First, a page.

With the Schmoedown, however, things are different. I am not writing about people who are earning millions yet failing to perform when it matters most. This blog is about analysing the Movie Trivia Schmoedown, speculating as to what will happen next and praising those who perform well. Obviously not everyone can be at the top of their game all the time, but I take this show for what it is and would never chastise a performer for struggling under the lights.

Hayberg HorsemenSome fans may still argue that the Schmoedown is far more similar to wrestling than traditional team sports, and I would agree. There are a number of – for the most part – manufactured storylines, though these are dictated by the results of the matches and not vice-versa. That, however, does not give fans the right to go over the top with their criticism of certain competitors.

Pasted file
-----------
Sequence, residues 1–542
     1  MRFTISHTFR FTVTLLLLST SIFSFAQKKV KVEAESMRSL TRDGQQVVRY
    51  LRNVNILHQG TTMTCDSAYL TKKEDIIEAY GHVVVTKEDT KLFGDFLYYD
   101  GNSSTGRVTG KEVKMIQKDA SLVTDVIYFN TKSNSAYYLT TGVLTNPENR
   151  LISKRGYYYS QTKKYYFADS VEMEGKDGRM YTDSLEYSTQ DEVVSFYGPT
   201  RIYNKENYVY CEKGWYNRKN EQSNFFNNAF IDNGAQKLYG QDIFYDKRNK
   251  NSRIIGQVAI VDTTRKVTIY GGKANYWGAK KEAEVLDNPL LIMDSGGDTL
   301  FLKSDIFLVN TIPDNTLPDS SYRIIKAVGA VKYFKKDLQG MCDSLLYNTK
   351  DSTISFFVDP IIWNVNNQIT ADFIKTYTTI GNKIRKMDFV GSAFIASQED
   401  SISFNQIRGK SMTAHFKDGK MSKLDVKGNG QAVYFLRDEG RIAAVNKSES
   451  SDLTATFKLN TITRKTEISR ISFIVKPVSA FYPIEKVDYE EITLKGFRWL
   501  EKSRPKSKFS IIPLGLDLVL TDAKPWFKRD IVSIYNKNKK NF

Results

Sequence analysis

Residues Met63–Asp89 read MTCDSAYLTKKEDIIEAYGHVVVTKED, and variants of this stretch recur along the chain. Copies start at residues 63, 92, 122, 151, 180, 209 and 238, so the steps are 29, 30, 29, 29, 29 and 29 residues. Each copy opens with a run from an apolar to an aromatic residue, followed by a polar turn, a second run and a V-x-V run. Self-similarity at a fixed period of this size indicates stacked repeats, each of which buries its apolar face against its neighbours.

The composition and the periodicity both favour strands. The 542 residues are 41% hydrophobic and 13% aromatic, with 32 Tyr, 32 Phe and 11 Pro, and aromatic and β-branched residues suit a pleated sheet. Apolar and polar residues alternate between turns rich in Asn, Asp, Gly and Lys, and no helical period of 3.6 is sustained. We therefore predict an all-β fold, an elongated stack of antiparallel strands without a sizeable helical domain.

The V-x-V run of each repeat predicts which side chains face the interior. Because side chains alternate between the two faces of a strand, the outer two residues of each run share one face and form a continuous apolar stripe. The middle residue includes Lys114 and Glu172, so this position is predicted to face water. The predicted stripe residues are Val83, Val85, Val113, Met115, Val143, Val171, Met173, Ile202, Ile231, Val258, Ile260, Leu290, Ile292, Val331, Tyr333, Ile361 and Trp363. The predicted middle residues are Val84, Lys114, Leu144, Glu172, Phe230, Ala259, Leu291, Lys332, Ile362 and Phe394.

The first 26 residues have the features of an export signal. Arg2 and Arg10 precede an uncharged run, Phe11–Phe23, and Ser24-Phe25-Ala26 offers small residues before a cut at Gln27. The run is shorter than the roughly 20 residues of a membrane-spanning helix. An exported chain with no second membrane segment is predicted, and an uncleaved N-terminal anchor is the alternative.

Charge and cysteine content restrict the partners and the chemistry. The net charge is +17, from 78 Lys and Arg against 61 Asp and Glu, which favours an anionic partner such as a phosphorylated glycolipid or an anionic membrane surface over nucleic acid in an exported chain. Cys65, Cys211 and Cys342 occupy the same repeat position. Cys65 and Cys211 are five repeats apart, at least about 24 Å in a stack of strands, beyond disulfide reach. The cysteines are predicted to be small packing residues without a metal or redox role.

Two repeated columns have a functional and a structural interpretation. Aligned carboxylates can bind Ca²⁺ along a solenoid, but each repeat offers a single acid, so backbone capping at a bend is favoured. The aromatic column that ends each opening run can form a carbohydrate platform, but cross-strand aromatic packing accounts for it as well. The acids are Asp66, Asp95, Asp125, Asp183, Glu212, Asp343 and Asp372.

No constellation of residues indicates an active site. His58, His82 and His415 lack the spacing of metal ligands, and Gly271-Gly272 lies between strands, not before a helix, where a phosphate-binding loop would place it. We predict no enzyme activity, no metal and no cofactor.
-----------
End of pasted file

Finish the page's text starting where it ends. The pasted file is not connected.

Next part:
Professional wrestlers are just that – professionals. They are paid extortionate amounts to perform on an almost daily basis, and credit to them that they largely maintain their personas away from the cameras on social media etc.

A number of Schmoedown competitors have been able to effectively replicate this themselves, particularly when corresponding with one another regarding previous or upcoming matches. But at the end of the day these are real people with real jobs, even if you see them on YouTube every day. And most importantly, their characters on the Schmoedown are not – for the most part – their real personalities.